By the late 1940s, the entertainment beauty faced more serious career problems. Her second marriage to White arranger/composer Lennie Hayton (which she kept secret for three years) was viewed unfavorably by many people. Additionally, during the McCarthy era, she was listed in “Red Channels,” a publication that charged various entertainers in the 1940s and 1950s of being Communist sympathizers. Horne’s listing in this publication stemmed primarily from her friendship with actor/activist Paul Robeson, an acknowledged Communist. Although she was never a Communist, Horne was often shunned by television programs.
But the singer persevered, continuing to perform in major nightclubs in the U.S. and internationally. She made a strong comeback in the 1957 Broadway show “Jamaica.”
By the 1960s, she was one of the most visible celebrities in the Civil Rights movement, once throwing a lamp at a customer who made a racial slur in a Beverly Hills restaurant. In 1963, she joined 250,000 people in the March on Washington where Rev. Dr. Martin Luther King Jr. gave his “I Have a Dream” speech. Horne spoke at another rally that year with another civil rights leader, Medgar Evers, just days before his assassination.
In 1969, she played a dramatic film role opposite Richard Widmark in “Death of a Gunfighter.” Then the 1970s opened tragically for the musical onscreen artist. Her father, her son, and Hayton all died in 1970 and 1971. Horne withdrew from the public eye, refusing to perform or see anyone except the closest of friends.
One of those in her inner circle, comedian Alan King, ultimately persuaded her to return to the stage. “I looked out and saw a family of brothers and sisters,” she said with amazement. Throughout the remainder of the ’70s, Horne made numerous television appearances. Her most notable were “Tony and Lena,” a 1972 special with singer Tony Bennett; “Sesame Street”; “The Flip Wilson Show”; “Sanford and Son”; and “60 Minutes.”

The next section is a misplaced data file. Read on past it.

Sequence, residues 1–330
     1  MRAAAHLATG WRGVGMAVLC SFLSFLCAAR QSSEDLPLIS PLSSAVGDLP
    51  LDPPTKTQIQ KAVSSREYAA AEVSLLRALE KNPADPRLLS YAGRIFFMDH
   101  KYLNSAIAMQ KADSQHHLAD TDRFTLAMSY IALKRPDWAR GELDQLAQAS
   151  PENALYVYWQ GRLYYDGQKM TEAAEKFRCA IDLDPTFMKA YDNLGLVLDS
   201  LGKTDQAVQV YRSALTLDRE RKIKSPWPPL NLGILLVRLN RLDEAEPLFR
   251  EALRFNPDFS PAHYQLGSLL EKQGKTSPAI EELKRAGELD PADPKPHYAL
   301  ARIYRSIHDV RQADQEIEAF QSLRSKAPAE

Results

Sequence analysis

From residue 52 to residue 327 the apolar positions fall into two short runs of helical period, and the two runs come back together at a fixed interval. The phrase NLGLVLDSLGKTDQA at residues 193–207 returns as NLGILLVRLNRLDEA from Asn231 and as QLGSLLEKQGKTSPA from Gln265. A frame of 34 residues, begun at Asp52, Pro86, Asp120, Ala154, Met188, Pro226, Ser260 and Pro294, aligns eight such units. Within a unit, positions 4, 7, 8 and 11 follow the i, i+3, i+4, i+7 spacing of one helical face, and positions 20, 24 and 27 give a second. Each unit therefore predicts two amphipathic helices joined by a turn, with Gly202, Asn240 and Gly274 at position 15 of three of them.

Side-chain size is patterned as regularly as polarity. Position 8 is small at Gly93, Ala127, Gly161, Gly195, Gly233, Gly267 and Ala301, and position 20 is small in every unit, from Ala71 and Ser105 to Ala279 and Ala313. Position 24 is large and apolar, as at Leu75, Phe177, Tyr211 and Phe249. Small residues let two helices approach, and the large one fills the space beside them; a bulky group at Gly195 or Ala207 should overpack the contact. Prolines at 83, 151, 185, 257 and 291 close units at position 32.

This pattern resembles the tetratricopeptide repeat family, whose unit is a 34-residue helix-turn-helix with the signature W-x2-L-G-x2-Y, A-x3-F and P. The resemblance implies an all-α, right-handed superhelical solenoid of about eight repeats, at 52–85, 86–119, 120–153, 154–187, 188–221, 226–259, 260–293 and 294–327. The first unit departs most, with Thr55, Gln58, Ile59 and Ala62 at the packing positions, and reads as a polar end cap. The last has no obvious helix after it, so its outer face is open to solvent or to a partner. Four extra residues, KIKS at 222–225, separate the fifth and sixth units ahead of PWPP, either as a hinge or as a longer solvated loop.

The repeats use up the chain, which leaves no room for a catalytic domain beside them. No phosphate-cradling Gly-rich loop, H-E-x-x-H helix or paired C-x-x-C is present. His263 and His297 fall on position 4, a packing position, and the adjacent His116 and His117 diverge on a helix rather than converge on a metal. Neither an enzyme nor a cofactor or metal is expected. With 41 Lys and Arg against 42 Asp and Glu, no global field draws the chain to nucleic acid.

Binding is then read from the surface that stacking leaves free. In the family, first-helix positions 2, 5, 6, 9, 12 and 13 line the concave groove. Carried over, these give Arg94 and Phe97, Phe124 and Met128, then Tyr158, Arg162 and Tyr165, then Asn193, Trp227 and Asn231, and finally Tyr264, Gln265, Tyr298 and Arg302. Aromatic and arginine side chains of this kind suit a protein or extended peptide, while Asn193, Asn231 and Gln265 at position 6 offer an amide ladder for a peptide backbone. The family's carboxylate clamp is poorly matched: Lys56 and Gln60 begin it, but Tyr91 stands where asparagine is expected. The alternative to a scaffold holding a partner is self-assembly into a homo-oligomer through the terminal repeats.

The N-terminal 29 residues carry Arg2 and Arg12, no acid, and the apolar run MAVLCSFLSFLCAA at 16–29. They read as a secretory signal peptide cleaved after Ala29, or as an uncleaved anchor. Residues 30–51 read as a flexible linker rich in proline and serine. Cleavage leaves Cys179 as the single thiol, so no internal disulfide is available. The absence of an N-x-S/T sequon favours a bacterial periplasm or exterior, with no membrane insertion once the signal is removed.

The “60 Minutes” feature on Horne was conducted by the program’s late correspondent Ed Bradley, who often remarked, “If I arrived at the pearly gates and Saint Peter said, ‘What have you done to deserve entry?’ I’d just say, ‘Did you see my Lena Horne story?’”
In 1978, she portrayed Glinda the Good Witch in her last movie, “The Wiz,” and in 1981, she was in top form in her enormously successful Broadway show “Lena Horne:The Lady and Her Music.”
Within the Broadway production, she discussed some of the tensions of her prime years in Hollywood; she did the same in her autobiography, “Lena.” The Broadway production was taped in 1984 for cable television. It also ran on PBS.
Horne is survived by her daughter, Gail Lumet Buckley, five grandchildren, and several great-grandchildren.